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AR/Protek Debate – The future of smart buildings

‘We’ve entered a different phase,’ says developer Roger Zogolovitch, taking his seat alongside the industry experts gathered to discuss commercial development over lunch in Cannes. It’s the second day of MIPIM, the annual real estate trade fair.

‘The market may now be truly global but every market condition is local and generates income in completely different ways.’ Zogolovitch claims that, without a restructuring of how these projects are funded and pipelined, quality and design innovation will go out the window. ‘We have to deliver enduring value,’ he adds. ‘We’ve made development too specific. It is absurd that buildings are demolished because they don’t offer a loose fit.’ And just like that, before the bread has even been scoffed, we have a debate.

Mike Hussey, managing director of property fund Almacantar, says yes, new funding models are a must (‘You can forget about the banks this year’) and so is the need to ‘build smarter, cheaper and more efficiently.’ But what, asks CABE chairman Paul Finch, would smarter commercial buildings look like? That depends on whether a loose-fit or tailor-made model holds sway. ‘There is excessive supply, so tenants are more demanding,’ says Tim Evans of Sheppard Robson. ‘If anything, the product is becoming more tightly specified.’ Swanke Hayden Connell Architects’ Bob Fry agrees. ‘Enduring buildings are the ones exposed to a pre-let tenancy. Unless it’s pre-let, things get left out during development.’

A mantra is agreed: reduce cost but not the offer. ‘We need a raw product: take energy and waste out of the building’s cost,’ says Simon Allford of Allford Hall Monaghan Morris. Alex Tosetti of consultant URS thinks behavioural change will have the biggest impact on the emerging commercial typology. ‘Digital communications and social media will totally change the shape of the office.’ Fry has seen it already in offices he designed for EC Harris in King’s Cross, London. ‘We created break-out spaces with kitchen tables where you can set up your laptop and have a coffee - workers under 40 prefer it. Traditional workspaces are on their way out.’

Could converging ‘building smarter’ and the ‘mobile’ generation’s way of doing things however, work in favour of loose-fit development? ‘It could come down to obsolescence and how quickly you can convert a property into something else,’ suggests Hussey. ‘The “beanbag and laptop” office need be no more than a shell and core plan.’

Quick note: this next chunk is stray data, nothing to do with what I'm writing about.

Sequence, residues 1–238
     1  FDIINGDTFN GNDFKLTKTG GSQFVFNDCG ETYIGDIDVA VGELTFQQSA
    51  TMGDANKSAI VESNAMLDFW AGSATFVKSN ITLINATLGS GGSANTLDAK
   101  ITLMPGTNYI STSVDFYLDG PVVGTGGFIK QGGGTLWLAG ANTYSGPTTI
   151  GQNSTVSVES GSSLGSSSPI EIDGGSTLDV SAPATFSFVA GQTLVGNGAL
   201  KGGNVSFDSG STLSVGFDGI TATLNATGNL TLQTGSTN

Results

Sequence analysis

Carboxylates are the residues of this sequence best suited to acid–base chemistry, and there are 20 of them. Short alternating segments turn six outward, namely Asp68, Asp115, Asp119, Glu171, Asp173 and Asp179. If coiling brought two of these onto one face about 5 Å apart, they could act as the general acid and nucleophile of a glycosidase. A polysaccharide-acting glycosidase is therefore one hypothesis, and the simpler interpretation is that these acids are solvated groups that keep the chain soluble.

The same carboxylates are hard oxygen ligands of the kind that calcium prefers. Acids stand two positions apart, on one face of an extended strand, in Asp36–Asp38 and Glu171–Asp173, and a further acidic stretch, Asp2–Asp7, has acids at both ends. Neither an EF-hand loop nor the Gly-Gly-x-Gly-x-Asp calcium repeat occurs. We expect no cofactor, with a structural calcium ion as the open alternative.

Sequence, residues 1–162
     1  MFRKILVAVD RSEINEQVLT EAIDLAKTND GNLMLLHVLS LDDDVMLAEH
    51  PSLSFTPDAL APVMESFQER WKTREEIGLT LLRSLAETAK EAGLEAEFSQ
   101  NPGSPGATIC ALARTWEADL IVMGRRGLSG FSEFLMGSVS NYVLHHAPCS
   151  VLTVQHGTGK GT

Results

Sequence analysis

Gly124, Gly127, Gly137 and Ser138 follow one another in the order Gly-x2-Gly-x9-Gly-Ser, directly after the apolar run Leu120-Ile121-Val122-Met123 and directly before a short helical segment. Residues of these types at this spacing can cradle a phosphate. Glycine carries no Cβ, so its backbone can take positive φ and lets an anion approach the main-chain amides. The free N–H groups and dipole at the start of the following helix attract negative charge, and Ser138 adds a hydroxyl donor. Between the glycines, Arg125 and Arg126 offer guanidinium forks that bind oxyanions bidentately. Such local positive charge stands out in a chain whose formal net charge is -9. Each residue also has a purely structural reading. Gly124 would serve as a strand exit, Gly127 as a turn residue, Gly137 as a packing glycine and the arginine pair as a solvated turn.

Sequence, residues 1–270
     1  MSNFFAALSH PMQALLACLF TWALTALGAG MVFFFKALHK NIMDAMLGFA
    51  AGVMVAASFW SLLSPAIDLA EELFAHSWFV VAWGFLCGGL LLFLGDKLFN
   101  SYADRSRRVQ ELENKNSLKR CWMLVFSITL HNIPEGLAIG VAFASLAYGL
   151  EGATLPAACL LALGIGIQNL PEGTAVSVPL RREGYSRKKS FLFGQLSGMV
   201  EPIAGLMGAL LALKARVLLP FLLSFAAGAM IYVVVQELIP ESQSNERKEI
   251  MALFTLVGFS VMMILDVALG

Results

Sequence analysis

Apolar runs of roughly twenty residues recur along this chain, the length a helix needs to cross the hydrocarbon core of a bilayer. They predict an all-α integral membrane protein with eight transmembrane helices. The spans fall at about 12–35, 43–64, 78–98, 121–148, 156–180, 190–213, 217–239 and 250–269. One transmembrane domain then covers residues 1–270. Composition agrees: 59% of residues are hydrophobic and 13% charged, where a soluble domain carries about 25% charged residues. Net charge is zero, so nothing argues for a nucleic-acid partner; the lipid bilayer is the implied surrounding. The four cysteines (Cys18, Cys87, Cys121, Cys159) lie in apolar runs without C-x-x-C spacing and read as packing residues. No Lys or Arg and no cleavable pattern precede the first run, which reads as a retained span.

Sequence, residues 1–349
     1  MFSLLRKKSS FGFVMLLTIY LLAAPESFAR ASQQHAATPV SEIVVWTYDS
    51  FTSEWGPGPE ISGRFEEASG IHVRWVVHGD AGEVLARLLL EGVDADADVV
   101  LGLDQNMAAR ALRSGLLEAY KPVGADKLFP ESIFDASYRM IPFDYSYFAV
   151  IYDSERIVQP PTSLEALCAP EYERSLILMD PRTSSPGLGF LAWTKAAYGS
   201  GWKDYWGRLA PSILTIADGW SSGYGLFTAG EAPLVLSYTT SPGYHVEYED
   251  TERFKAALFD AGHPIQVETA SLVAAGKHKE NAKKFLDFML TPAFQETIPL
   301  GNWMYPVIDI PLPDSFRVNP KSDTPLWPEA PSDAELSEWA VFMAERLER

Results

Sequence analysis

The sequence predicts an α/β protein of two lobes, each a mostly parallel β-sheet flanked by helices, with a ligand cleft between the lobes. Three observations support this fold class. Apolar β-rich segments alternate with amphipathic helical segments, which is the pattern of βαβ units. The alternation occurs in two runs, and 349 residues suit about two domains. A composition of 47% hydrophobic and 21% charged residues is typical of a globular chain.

Alongside this desire for loose-fit is a trend towards the greater densification of space. For Goldman Sachs, says Thomas Kerwin of SOM, which designed the firm’s New York interiors, a managing director gets 7m2, while a typical big earner gets four. In Mumbai however, Sanjay Puri explains that 3.6m2 is ‘luxury’, with the typical call centre worker afforded just 2.4m2. ‘Productivity is the holy grail,’ says London-based architect Stephan Reinke. ‘We’re talking slave-ship density.’ But as Robert Goodwin of Perkins+Will says, ‘If you design a space to be non-hierarchical, you generate higher densities. But that’s not going to work for a law office.’

Globally, low-carbon design is working itself into a default position. As Puri, Stefan Antoni of Cape Town practice SAOTA and Sanya Tomic (top) of Sidell Gibson Architects in London all find, ‘every developer wants to make their building sustainable - but it’s because of market forces, not regulation.’ Evans, nevertheless, thinks green infrastructure projects will have a more crucial environmental role to play. On-site renewables are merely ‘tokenistic’. Retrofit, on the other hand, is going to be huge. ‘We’ve already got 75 per cent of the buildings we’re going to need over the next quarter century,’ says Evans. ‘We just need to make them more efficient.’ Other delegates were Jackie Blanden from WM Protek and Sunand Prasad of Penoyre & Prasad.

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